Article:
(WETM) – As internet connectivity has become the essential medium of communication for much of the world, especially during the pandemic, many rural areas in Pennsylvania have been left behind.
Lack of internet access is one of the most critical issues in the state. Many areas of the state have a landscape that makes connectivity so difficult.
âFrankly, it is high time this happened. Being 21 years old in the 21st century, it is a failure on the part of too many people that so many in our Commonwealth do not have access to what is now a basic vital necessity, âsaid the head of the majority of Pennsylvania Rep. Kerry Benninghoff (R- Center / Mifflin).
Now, finally, the hope is there. Pennsylvania will receive $ 100 million from President Biden’s infrastructure package that will specifically focus on improving broadband Internet access.
On Monday, December 13, Pennsylvania lawmakers with bipartisan backing passed legislation that would create a single entity, officially called the Pennsylvania Broadband Development Authority. House Bill 2071 created this organization as a single point of contact who will make decisions on how to implement the plan and disburse the funds to bring broadband across the state.
Counties and regions can apply for grants from this fund.
Farms in Pennsylvania lag behind the national average in Internet access.
It would be a boon for the region. According to a report by the National Agricultural Statistics Service of the United States Department of Agriculture, only 64% of farms in Pennsylvania report having access to the Internet, compared to 82% of farms nationwide.
Pennsylvania can get more money for better access
While $ 100 million may seem like a lot, the state might have the option of receiving, even more, some estimate as high as $ 500 million.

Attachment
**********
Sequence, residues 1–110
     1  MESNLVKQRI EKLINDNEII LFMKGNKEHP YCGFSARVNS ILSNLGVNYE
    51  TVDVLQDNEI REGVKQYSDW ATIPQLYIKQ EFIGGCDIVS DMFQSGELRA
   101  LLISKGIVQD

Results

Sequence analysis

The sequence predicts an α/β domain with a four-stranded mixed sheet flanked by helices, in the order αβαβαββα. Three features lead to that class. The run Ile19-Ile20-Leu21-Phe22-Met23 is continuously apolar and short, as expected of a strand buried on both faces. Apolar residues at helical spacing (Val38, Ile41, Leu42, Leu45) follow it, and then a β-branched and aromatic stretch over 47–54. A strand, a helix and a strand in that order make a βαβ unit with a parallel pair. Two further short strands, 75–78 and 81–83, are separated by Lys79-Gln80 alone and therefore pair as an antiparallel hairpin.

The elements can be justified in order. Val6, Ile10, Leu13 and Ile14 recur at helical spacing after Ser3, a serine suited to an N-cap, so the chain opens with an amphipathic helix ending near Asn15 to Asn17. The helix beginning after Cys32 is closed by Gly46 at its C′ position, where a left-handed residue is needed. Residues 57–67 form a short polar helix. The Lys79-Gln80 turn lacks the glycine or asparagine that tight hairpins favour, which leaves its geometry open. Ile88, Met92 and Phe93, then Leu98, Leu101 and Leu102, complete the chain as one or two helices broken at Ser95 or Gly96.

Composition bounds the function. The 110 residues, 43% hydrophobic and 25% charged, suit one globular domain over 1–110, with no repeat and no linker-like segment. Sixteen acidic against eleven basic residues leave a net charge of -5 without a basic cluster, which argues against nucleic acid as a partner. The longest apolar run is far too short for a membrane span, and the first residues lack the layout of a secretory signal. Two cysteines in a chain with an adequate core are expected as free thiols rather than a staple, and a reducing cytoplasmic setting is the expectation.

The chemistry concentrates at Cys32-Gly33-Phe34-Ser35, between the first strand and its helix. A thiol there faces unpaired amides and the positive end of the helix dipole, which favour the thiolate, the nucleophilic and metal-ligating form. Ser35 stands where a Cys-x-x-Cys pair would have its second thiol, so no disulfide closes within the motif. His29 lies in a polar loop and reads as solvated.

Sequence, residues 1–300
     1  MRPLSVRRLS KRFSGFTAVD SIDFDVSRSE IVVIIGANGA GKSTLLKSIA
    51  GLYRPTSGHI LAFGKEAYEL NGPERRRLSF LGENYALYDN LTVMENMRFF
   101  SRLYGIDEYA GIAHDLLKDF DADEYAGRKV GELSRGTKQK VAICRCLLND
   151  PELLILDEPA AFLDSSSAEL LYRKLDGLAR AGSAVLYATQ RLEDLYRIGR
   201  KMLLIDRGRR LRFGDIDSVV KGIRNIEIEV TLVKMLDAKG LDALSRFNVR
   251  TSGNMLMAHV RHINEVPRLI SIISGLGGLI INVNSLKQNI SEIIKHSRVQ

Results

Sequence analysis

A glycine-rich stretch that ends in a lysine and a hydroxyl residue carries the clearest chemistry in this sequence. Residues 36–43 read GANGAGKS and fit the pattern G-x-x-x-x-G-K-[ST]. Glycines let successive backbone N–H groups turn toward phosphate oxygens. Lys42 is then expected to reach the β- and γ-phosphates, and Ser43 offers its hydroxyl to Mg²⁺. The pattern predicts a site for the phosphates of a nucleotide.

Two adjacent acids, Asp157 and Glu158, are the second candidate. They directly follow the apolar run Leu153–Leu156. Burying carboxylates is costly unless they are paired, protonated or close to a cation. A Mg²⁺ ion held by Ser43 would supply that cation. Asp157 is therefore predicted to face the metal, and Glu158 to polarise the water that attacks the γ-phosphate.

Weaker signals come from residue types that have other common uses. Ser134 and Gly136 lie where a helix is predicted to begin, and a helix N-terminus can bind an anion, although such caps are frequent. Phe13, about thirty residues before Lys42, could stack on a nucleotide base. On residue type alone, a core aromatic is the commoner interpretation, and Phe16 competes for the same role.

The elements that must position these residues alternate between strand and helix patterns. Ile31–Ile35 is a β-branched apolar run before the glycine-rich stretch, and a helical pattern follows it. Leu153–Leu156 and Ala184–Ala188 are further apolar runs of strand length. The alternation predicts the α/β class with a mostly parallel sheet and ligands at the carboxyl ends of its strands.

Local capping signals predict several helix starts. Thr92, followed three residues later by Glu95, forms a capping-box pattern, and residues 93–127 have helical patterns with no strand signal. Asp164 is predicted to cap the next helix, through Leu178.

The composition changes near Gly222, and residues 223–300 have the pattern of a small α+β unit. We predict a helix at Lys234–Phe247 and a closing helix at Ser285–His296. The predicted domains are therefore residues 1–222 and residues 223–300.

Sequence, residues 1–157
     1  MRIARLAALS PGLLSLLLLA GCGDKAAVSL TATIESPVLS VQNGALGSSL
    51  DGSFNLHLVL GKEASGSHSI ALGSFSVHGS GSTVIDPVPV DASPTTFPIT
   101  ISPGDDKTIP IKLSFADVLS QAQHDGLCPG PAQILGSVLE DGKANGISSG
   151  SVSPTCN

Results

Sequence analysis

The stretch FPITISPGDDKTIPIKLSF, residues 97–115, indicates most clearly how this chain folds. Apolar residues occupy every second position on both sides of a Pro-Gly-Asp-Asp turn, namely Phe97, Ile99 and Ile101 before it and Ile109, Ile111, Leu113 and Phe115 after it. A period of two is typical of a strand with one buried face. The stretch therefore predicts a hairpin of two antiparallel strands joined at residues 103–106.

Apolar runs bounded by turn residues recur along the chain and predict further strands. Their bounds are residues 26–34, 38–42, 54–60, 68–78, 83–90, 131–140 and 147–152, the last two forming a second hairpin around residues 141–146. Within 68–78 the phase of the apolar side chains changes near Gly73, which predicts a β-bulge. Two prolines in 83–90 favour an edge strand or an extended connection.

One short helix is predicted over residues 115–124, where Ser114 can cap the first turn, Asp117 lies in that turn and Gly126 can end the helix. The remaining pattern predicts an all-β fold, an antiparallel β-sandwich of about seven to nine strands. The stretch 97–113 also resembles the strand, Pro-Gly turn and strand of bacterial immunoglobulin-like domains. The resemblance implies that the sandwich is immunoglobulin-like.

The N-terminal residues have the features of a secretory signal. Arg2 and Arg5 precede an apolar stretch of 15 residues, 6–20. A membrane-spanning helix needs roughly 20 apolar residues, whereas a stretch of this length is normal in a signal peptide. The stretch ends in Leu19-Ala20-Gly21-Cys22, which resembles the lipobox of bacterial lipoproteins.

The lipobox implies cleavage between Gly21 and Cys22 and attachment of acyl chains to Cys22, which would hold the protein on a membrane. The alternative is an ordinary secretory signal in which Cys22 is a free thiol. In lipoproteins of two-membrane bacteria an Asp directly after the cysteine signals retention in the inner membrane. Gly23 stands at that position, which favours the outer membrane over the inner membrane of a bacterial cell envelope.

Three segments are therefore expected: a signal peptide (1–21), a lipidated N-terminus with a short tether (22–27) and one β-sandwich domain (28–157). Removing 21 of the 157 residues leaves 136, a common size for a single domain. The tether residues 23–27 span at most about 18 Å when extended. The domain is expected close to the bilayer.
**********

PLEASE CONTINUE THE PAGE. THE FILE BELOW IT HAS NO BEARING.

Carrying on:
Biden’s infrastructure package has allocated $ 42.5 billion to the Broadband Equity, Access and Deployment (BEAD) program where each state will be allocated that initial $ 100 million. States could then be offered grants if they can come up with clear implementation plans.
But not all states get the extra money.
“If they [states] can show that they have a plan and that they need more money, there will be more money availableâ¦ This bill [H.B. 2071] put us in a position to be able to claim, what some say, an additional $ 400 million, âsaid Rep. Clint Owlett (R-Wellsboro).
These grants will be prioritized for unserved and underserved areas.
âIt will be an all-out blitz,â Owlett said. âAll the other states are going to do the exact same thing, so it’s going to be a race to the table, and this [bill] is positioning Pennsylvania in a solid way, to hopefully get a head start. “
Internet access brings Democrats and Republicans together
The Federal Communications Commission has reported that nearly one million Pennsylvanians do not have access to reliable high-speed internet access. But, a 2019 Center for Rural Pennsylvania study found that the already alarming FCC data may have been seriously underestimated, when it comes to the number of Pennsylvanians who lack high-speed internet connections. .
After analyzing the connectivity speeds of 11 million Pennsylvania homes, the study found that median internet speeds across the state were so low that they could not be called a “broadband connection.” based on the FCC’s own criteria. Even more in rural areas, the researchers found that connectivity speeds were “considerably slower”.
Pennsylvania Republicans and Democrats haven’t come to a consensus on much lately. But broadband access was recognized as essential by both parties.
In a statement, Governor Tom Wolf (D-PA) said he congratulated the House and Senate “for their efforts to quickly pass this bill which will help provide high-speed Internet to students, businesses and residents of all of Pennsylvania “.
The independent authority was put in place for six years. The bill now goes to the Senate for consideration.
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